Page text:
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Pennsylvania Senior Citizens Get Cheaper Medicine and Taxes by New Bills

Governor says they will pay less than seniors in any other state

Gov. Rendell (D-Pennsylvania) signs tax relief bill for senior citizens at home of Nellie Hughes. Photo by Commonwealth Media Services.July 9, 2006 – Senior citizens in Pennsylvania may pay less for their medicine than seniors in any other state – and maybe less in taxes, if the promises in two bills recently signed by Gov. Edward G. Rendell (D) live up to their expectations. Friday, Rendell signed the PACE Plus program to lower the cost of medicine and in late June he signed a bill expected to completely eliminate property taxes for hundreds-of-thousands of seniors.


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PACE Plus, described as "the nation’s most comprehensive prescription assistance program," combines the popular Lottery-funded PACE/PACENET program with the new federal Medicare Part D prescription drug program.

“My PACE Plus plan provides Pennsylvania’s seniors unparalleled access to affordable prescription coverage and I am delighted to sign it into law,” said Governor Rendell. “We have delivered on our promise to keep PACE/PACENET strong and ready to provide life-sustaining prescription assistance to a growing number of older Pennsylvanians.

“We estimate that seniors in Pennsylvania will pay $2,000 less for their prescription benefits than older adults in other states that do not offer a similar benefit program,” Governor Rendell added.

By allowing the federal government to pick up part of the tab for providing prescription assistance, the measure frees nearly $170 million in Lottery funds that will be used to provide other services to older Pennsylvanians.

Senate Bill 1188, sponsored by Sen. Pat Vance (R-Cumberland) was approved by the General Assembly on July 2.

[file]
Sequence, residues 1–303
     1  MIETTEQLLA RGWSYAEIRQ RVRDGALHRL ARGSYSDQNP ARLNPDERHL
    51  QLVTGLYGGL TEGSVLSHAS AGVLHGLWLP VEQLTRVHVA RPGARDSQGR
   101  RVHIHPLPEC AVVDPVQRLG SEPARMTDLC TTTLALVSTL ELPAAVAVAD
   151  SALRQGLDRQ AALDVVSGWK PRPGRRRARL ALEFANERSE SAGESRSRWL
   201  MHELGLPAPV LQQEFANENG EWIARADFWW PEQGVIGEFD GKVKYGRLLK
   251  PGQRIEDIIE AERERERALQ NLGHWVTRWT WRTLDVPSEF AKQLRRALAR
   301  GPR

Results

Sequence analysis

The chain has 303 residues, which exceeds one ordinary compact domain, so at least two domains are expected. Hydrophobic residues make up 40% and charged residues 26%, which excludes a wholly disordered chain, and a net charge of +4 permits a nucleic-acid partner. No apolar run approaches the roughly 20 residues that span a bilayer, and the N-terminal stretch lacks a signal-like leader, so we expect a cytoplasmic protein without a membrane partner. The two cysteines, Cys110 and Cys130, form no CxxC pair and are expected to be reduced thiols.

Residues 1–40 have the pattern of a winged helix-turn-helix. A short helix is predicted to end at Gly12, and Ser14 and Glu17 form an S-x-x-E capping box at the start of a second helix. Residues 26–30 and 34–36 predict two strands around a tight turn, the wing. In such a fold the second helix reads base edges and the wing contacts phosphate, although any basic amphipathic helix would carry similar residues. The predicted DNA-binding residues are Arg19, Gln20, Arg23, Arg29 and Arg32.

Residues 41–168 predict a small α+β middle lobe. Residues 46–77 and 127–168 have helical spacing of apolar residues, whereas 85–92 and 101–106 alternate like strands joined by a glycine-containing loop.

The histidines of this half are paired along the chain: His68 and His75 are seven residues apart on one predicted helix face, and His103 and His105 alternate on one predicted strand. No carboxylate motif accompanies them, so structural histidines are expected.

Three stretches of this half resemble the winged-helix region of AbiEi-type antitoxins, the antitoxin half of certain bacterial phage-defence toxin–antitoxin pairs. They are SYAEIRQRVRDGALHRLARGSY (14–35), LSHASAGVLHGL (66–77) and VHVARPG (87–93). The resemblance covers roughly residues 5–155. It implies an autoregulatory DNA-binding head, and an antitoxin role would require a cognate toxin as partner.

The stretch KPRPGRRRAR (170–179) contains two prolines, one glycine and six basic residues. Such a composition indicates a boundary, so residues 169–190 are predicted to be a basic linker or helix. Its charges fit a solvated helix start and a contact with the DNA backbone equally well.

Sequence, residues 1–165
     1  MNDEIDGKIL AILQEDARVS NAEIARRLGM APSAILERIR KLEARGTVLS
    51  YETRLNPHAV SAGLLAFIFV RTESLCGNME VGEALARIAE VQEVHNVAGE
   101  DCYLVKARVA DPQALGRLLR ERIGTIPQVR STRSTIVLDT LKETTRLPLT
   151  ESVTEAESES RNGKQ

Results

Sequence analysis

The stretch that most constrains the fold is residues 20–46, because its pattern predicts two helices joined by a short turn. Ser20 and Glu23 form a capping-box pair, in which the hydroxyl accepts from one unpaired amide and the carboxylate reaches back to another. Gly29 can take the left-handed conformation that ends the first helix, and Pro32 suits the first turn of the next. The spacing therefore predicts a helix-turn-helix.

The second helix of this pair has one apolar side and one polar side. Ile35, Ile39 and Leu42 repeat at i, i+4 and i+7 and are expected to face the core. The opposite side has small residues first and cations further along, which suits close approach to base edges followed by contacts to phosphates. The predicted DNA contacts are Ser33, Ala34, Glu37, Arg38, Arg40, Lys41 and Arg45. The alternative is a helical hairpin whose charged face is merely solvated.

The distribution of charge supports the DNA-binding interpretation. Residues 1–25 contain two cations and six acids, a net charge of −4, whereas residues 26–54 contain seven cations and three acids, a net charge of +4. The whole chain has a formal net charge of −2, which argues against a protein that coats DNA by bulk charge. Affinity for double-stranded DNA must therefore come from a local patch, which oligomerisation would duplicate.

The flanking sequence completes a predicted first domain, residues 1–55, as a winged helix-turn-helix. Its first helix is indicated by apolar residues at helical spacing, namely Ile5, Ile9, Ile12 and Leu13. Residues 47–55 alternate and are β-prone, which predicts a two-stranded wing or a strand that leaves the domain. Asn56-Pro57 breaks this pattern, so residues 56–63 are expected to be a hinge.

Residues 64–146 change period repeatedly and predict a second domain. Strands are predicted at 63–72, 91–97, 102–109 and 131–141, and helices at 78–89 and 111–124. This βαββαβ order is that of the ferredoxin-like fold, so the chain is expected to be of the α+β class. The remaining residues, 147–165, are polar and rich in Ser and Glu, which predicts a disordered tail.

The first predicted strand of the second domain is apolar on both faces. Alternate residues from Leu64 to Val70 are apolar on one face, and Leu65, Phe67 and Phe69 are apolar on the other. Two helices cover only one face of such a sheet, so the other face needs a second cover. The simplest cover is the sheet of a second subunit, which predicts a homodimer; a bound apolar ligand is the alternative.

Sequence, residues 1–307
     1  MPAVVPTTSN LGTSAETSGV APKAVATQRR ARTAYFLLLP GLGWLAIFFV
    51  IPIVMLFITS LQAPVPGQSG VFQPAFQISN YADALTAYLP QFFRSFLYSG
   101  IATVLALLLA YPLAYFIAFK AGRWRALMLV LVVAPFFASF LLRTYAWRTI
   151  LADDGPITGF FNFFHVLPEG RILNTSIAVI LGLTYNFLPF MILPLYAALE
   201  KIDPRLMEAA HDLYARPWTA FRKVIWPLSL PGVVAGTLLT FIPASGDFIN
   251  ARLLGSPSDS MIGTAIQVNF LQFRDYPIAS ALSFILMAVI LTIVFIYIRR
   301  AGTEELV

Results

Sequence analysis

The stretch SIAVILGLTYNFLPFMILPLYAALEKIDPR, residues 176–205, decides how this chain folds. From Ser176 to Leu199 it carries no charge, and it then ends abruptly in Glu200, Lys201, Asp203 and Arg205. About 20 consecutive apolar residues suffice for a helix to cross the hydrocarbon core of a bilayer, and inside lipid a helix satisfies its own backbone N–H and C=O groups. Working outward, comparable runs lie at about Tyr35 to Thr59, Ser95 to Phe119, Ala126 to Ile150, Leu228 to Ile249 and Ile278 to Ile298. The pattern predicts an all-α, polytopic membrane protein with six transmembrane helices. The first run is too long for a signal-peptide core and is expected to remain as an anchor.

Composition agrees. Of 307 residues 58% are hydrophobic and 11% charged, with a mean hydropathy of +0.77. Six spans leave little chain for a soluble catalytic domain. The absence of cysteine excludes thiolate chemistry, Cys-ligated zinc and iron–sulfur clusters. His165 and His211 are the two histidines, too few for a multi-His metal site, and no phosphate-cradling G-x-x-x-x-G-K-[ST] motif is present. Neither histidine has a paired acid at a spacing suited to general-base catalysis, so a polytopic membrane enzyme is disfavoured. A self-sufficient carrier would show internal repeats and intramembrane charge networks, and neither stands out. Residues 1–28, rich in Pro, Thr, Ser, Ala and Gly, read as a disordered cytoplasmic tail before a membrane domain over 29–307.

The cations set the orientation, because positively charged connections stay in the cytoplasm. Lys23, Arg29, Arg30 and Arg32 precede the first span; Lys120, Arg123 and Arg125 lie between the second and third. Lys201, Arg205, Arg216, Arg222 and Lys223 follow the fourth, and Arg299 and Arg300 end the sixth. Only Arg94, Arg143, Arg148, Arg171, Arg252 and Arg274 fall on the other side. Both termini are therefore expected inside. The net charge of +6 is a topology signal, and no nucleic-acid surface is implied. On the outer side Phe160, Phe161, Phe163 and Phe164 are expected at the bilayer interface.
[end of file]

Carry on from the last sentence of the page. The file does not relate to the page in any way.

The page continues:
Under the new law, PACE/PACENET will “wrap around” the federal program and fill the gaps in coverage, including when consumers reach the so-called “doughnut hole” in the Medicare Part D coverage.

Current cardholders will be notified by mail how the changes to the program will affect them. There will be no interruption of benefits and every enrollee will continue to get the medications they need. 

One of Governor Rendell’s first priorities upon taking office was to expand eligibility for PACE/PACENET. In late 2003, Governor Rendell signed a bill to increase the income limits for PACE to $14,500 for individuals and $17,700 for married couples; and for PACENET to $23,500 for individuals and to $31,500 for married couples. As a result, total enrollment has grown by nearly 100,000 people since 2004.

Today, PACE/PACENET provides low-cost prescription coverage to nearly 317,000 older Pennsylvanians. More than 188,000 people are covered by PACE; while PACENET covers over 128,000 seniors.

Tax Relief

On June 27, Gov. Rendell signed Special Session House Bill 39 (SS HB 39) into law at the home of Nellie Hughes (photo above), which will completely eliminate the Nanticoke woman’s property tax burden, as well as property taxes for hundreds-of-thousands of seniors.  SS HB 39 delivers the largest property tax cut in Pennsylvania history – $1 billion annually to all Pennsylvania homeowners.

“After 30 years of debate and failed plans, Pennsylvanians like Nellie Hughes will finally get the tax relief they deserve,” said Governor Rendell, who was joined by other Nanticoke homeowners who will also see significant property tax relief.  “Today is a great day for Pennsylvania homeowners, especially seniors who have been driven from their homes as they attempt to escape the burden of skyrocketing property taxes for far too long."

For additional information about PACE Plus, visit the Department of Aging’s Web site at For state residents' enrollment assistance, call toll-free, 1-800-225-7223.

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